Boys’ Classroom Misbehavior May Hurt Grades

Boys who act out or otherwise misbehave in their school classrooms may actually be doing themselves an academic disservice, a new study published in The Journal of Human Resources suggests.  The study found that in many classrooms, boys earned lower grades than their standardized test scores would have predicted, because their teachers hold their behavior against them.  More from NBC News:

According to the study, disruptive behavior may indeed be working against the wiggle worms of the world.

[Study co-author Jessica] Van Parys and co-researchers analyzed data from the National Center for Education Statistics involving about 6,000 mostly white, black and Hispanic students from around the country who were followed from kindergarten through fifth grade, starting in the 1998-1999 school year.

Students were given tests in reading, math and science, while teachers also rated students’ abilities in all three areas, as well as rated them on classroom behaviors. The study found that when assessing kids’ academic abilities, the teachers factored in their classroom behaviors.

This ultimately helped the girls and hurt boys. The girls scored about 15 percent higher in behavior (also called ”non-cognitive skills”), which meant they earned better grades than boys, even though they didn’t score as high on the tests.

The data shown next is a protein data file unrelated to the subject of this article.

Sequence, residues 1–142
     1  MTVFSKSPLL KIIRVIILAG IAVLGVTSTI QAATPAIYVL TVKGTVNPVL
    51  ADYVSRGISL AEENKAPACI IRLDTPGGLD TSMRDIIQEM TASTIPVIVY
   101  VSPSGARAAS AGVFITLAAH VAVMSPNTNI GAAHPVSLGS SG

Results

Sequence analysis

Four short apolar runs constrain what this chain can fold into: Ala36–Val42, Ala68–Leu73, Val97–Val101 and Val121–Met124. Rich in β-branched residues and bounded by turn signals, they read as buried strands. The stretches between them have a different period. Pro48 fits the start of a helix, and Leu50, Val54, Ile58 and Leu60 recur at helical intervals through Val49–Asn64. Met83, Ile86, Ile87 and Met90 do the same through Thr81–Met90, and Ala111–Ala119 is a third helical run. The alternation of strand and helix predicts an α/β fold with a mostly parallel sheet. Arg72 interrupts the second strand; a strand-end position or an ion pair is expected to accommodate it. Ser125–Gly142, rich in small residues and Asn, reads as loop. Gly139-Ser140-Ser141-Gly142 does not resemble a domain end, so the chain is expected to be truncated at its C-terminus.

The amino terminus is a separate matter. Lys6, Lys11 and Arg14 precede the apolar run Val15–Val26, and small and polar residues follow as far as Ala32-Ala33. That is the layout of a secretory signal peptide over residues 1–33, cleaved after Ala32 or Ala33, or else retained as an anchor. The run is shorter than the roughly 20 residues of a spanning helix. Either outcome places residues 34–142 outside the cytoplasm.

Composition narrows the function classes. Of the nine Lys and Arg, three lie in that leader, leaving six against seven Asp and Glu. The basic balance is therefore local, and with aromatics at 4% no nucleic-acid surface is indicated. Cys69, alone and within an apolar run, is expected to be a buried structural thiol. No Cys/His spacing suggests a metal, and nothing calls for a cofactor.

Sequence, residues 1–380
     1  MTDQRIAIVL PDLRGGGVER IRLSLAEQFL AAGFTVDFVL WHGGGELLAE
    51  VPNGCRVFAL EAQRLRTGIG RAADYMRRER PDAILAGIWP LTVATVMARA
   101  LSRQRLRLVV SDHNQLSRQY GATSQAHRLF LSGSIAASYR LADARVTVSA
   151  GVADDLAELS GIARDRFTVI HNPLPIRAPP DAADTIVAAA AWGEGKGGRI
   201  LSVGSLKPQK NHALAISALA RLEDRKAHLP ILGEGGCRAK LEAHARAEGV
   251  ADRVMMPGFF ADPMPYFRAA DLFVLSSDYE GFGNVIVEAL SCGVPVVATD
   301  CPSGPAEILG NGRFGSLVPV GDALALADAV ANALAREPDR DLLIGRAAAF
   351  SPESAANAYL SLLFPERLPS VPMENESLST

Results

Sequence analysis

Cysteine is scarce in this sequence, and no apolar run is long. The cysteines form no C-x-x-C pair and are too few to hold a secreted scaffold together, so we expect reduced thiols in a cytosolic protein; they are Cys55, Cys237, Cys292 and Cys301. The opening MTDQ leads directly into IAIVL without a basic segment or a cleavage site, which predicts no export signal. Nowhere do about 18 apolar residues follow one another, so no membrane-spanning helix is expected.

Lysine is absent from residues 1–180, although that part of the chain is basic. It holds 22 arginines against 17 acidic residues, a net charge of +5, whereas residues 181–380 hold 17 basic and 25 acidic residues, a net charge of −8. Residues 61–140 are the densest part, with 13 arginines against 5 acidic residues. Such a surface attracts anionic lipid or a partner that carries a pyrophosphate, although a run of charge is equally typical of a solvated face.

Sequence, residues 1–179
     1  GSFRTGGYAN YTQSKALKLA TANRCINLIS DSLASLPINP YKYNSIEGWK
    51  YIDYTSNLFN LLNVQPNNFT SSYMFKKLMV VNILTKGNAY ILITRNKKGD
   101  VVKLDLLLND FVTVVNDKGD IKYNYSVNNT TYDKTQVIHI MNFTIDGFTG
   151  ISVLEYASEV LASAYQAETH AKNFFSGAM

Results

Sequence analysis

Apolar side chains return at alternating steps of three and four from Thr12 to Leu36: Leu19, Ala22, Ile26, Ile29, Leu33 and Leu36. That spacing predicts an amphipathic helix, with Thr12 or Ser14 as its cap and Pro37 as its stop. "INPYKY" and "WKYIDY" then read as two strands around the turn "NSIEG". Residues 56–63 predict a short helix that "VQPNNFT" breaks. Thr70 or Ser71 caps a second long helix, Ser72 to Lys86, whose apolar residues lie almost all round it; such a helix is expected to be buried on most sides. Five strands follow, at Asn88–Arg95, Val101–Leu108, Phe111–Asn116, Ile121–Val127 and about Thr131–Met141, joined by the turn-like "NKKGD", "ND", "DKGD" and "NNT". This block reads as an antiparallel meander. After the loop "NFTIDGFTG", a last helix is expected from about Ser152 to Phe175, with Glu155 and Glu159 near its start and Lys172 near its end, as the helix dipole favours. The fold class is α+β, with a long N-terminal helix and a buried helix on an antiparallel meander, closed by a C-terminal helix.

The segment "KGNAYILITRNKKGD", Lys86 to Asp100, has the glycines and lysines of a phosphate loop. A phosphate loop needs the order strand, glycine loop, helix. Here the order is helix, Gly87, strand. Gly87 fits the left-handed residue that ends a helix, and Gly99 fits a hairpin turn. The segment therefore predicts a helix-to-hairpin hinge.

“Our point is that teachers take into account other factors, either consciously or unconsciously, when they rate the child’s ability on all kinds of subject areas,” Van Parys said. “It’s hard for teachers to be completely objective when they’re giving an assessment.”

Image: Boy in school, via Shutterstock

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  1. by Nate

    On February 12, 2013 at 1:21 pm

    So, to sum-up

    1. Teachers are using non-academic factors to determine student’s grade
    2. This bias is split almost exactly down gender lines
    3. This bias favors girls over boys
    4. Boys are being penalized academically throughout their school career for typical boy behavior.

    I think we’ve discovered way fewer men are graduating high school, going to college, and succeeding professionally.

    I look forward to hearing the response from the White House council on Men and Boys. Oh wait- no such council exists.

  2. by Bob

    On February 12, 2013 at 1:37 pm

    Nate hit the high points. This article is just another example of the biases boys face in academia.

  3. by Jen

    On February 16, 2013 at 7:33 am

    I teach high school math, and I wonder if this “study” included data on whether or not the children who acted out actually turned in completed assignments. Most of the time, the disruptive kids in my class will have lower grades because they don’t ever bother to turn in homework assignments.